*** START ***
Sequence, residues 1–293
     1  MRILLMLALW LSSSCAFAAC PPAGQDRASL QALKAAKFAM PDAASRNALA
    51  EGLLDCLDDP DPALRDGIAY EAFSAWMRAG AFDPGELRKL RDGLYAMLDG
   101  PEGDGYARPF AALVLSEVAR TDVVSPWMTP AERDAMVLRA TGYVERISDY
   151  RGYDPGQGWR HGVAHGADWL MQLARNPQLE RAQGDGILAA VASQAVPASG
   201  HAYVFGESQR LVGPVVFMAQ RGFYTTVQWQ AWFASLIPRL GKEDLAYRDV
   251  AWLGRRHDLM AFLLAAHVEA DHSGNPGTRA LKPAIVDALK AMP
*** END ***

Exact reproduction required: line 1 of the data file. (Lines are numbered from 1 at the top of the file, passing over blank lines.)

Sequence, residues 1–293